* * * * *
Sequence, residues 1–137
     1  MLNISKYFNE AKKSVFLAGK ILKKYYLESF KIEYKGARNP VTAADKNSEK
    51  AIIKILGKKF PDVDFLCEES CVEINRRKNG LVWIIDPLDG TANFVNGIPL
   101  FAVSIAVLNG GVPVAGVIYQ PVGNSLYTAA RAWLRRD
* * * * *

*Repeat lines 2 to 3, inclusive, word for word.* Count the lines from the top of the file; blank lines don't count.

     1  MLNISKYFNE AKKSVFLAGK ILKKYYLESF KIEYKGARNP VTAADKNSEK
    51  AIIKILGKKF PDVDFLCEES CVEINRRKNG LVWIIDPLDG TANFVNGIPL